Let Consumers Freeze Their Credit Files for Free
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By Susan Grant, Director of Consumer Protection and Privacy, Consumer Federation of America

In the wake of the data breach at the credit reporting agency Equifax, which exposed the sensitive personal information of more than 140 million Americans to identity thieves, consumer groups and members of Congress are calling for free security freezes. As we explained in a previous article on this website, the best protection from many types of identity theft that can result from data breaches is to activate a security freeze on your credit file. A freeze makes it much harder for an imposter to open a credit account, get a job, or apply for housing using your personal information because the creditor, employer or landlord won’t be able to check your credit file. You can lift the security freeze to allow your credit file to be accessed if you need to, and then refreeze it if you wish.

But as the Federal Trade Commission explains in a blog about the Equifax breach, if you decide to freeze your credit file you’ll want to do it at all three of the major credit reporting agencies, and depending on the circumstances there may be a charge each time you set or lift it (though for a limited time, Equifax is allowing anyone who has a credit file there to freeze it at no charge). This isn’t right. The credit reporting agencies make lots of money from collecting and providing access to our personal information. Yes, we benefit from this – it wouldn’t be as easy to get credit, for instance, if lenders couldn’t easily check whether we have a history of paying our bills on time. We ought to be able to control access to our personal information, however, without having to pay for the privilege.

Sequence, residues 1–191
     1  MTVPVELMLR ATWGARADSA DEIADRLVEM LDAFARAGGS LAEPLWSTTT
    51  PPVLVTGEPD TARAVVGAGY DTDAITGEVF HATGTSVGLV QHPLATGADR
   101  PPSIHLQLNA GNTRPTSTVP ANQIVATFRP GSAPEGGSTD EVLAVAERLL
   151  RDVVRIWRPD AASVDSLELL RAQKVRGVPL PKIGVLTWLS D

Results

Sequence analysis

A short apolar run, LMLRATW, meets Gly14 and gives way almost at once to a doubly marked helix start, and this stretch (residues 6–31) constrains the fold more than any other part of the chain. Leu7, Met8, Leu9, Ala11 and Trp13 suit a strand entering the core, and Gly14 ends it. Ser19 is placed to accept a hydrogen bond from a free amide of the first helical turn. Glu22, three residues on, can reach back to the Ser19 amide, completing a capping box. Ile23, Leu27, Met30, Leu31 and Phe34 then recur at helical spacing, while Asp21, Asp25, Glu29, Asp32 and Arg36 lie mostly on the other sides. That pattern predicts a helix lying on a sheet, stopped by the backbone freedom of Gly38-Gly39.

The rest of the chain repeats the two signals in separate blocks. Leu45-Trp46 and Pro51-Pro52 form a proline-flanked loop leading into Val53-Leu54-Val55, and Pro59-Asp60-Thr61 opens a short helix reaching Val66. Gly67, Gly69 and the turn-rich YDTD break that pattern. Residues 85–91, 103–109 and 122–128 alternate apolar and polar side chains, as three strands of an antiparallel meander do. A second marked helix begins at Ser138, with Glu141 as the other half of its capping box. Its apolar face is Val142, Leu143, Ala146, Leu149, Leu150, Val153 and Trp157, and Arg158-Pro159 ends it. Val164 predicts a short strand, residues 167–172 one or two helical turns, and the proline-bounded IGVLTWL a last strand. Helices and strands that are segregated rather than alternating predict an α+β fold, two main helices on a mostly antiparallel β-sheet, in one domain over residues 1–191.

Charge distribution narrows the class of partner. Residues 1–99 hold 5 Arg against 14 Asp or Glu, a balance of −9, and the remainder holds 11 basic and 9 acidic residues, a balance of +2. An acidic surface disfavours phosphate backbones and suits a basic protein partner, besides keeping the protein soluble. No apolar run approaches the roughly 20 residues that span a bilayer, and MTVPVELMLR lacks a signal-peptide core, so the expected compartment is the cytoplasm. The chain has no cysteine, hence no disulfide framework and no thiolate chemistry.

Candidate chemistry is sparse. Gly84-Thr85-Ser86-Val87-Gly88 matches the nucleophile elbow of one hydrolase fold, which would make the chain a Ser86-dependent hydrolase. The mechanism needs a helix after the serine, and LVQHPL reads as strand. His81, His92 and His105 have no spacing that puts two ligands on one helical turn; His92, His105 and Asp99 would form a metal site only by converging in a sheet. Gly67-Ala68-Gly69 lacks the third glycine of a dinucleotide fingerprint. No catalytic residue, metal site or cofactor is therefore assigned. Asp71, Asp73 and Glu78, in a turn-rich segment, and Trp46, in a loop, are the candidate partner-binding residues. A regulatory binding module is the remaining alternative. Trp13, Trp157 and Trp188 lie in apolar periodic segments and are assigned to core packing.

That’s the idea behind new legislation introduced by Senator Elizabeth Warren and co-sponsored by several other members of the U.S. Senate. In addition to providing consumers with the ability to set freezes, lift them, and refreeze their credit files without charge, the Freedom from Equifax Exploitation Act would stop credit reporting agencies from putting consumers on certain types of marketing lists while their credit files are frozen, enable consumers to request free copies of their credit reports twice a year instead of once, strengthen the fraud alerts that consumers can place as alternatives to security freezes, and require Equifax to refund consumers for freezes that they paid for before the company announced the limited free freeze. Consumer Federation of America endorses this legislation.      

At the grassroots level, the nonprofit Identity Theft Resource Center has started a national petition drive to ask all of the credit reporting agencies to voluntarily allow consumers to place an initial security freeze on their files for free anytime they want to and to request one thaw and one re-freeze per year at no charge. We support this effort because it would help consumers protect themselves from the fraudulent use of their personal information. It’s the right thing for the credit reporting agencies to do.